10 Things that Irritate Your Lecturer About Your Legal Writing
Want to avoid alienating your marker? Stay clear of these common legal writing errors:
1. Informal Language
Formal law assessments are – you guessed it – formal! Do not use colloquial, text-like or conversational language, unless your lecturer has indicated a more relaxed, informal style is appropriate (e.g. in reflections and in some presentations).
2. Strange synonyms
The use of complex or unusual synonyms is common in student papers, yet it can make for very jarring reading. Simple, direct language is best. It also demonstrates depth of understanding (do not worry that simple language will stop you sounding smart – we already know you are clever!).
3. Long sentences
If your sentence goes longer than three lines, you have a problem. When you finish your draft, try reading your paper out loud. If you cannot easily get through a sentence in a single breath, break the sentence in two (or three).
4. Grammatical errors
Pay careful attention to your spelling and grammar. Remember your audience: your markers are academics, whose lives are likely characterised by reading and writing essays. They will notice poor spelling and grammar. Do the additional draft. Also: spell check is not infallible; it might provide the correct spelling, but not the correct meaning of a word.
5. It is ‘High Court’ not ‘high court’
Capitalisation is important, and is a sign of respect for institutions, peoples, places. This important in the law. If you are referring to a court in general, it is not capitalised; but if you are referring to a specific court (e.g., the High Court or the NSW Court of Criminal Appeal), it is capitalised.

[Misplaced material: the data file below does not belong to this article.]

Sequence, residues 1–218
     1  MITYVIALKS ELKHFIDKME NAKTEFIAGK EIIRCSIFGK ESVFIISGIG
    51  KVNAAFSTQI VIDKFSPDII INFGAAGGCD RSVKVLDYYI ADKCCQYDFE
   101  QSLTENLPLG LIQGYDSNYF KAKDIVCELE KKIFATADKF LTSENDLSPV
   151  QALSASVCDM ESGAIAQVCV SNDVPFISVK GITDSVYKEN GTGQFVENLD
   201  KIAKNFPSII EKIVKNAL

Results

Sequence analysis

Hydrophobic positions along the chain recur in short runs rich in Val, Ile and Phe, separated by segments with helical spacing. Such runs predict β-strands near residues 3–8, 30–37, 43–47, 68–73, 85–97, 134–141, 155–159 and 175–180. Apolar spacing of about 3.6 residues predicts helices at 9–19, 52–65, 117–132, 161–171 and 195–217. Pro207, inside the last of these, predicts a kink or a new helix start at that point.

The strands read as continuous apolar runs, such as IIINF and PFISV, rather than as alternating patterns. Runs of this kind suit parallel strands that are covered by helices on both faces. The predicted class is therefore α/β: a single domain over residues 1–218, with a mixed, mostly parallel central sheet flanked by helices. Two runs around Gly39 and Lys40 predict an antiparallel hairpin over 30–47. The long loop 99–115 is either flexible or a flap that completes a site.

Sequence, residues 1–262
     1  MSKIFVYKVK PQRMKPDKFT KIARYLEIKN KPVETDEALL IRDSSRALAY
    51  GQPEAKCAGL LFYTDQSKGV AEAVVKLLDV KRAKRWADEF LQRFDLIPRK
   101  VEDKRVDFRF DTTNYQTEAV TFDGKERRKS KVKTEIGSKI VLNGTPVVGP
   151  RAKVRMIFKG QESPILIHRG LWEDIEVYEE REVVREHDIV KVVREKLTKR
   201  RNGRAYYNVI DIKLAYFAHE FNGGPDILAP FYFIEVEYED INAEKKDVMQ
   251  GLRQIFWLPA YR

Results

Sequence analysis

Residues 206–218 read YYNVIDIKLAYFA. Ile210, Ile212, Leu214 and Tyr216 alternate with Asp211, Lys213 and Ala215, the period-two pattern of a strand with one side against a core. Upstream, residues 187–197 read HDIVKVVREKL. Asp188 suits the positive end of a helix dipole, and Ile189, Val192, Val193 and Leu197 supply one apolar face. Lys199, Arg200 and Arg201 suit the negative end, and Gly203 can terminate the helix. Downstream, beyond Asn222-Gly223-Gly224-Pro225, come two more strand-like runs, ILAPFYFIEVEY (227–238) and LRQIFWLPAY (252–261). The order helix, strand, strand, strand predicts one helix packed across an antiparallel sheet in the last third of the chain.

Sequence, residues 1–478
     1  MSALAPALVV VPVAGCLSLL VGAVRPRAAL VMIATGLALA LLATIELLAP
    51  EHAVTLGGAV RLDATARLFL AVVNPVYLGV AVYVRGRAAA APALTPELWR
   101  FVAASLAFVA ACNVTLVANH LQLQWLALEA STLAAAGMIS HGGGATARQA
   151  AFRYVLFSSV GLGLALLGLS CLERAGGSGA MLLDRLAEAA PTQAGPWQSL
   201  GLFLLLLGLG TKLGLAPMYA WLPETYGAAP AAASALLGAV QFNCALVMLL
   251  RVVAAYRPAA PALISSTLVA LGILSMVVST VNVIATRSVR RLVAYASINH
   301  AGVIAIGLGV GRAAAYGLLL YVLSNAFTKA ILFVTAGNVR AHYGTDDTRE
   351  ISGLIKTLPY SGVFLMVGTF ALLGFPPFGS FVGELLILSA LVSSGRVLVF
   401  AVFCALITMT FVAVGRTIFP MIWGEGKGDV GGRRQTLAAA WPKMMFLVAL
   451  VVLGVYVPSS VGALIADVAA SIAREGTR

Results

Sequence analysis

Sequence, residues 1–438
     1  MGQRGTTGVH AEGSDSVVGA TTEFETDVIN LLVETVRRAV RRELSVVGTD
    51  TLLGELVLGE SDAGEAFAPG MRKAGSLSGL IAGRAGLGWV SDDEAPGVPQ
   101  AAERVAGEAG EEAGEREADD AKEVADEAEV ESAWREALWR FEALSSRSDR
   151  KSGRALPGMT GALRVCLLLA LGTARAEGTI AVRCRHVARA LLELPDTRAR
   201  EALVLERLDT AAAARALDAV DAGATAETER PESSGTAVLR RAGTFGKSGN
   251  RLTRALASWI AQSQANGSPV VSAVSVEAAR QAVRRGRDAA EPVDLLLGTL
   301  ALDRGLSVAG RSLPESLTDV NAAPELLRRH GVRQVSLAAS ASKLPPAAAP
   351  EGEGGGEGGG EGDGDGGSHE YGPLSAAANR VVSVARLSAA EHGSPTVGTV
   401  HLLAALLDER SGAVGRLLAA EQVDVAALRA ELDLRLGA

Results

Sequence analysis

6. Judgment does not have an ‘e’
Judgment is without an ‘e’ if referring to legal decisions. Doublecheck this common error prior to submitting your assignment.
7. Tense and Person
Your makers are likely to have strong opinions about what tense they prefer. Stick to one tense. Do not mix present and past. Your markers will also likely have strong opinions about the use of person. Case in point: one of the authors of this blog hates seeing “I think” or “I believe” in a law assignment, but the other loves first person: “In this essay, I will….” Check what tense your lecturer prefers.
8. Direct quotes
Long, direct quotes can be interpreted as lazy writing in law assignments – particularly if you do not go on to explain its significance. Using short quotes and/or paraphrasing is typically a more effective way to convey your understanding of the material. After all, we are assessing your arguments/understanding; we cannot do that if you are quoting in excess.
9. Dot points
While it might be sometimes appropriate to use dot points in legal practice, it is downright dangerous to use them in a law school paper. They reduce the formality of the work. Only use dot points when you need to list several features or points in circumstances where putting them into a sentence or paragraph would be difficult for the reader to digest (and even then, think twice). It is more formal to list the individual points following a colon, separating out each individual point (words or phrases) with a semicolon.
10. Use of gratuitous Latin
Latin phrases – ipso facto, prima facie, ad idium, ab initio – are super fun, but not always super useful. Before you use a Latin legal term, ask yourself: why do I like this phrase? Is there a clearer way of conveying my meaning? Nine times of out ten, the simplest expression is the best expression.
For more information, check out this video on 10 Things to Avoid in Your Legal Writing.
This article was written by Rhanee Rego and Marie Hadley.
Rhanee Rego is a Solicitor, Sessional Academic and PhD Candidate at Newcastle Law School, University of Newcastle, Australia.
Dr Marie Hadley is a Lecturer and Assistant Director of Teaching and Learning at Newcastle Law School, University of Newcastle, Australia.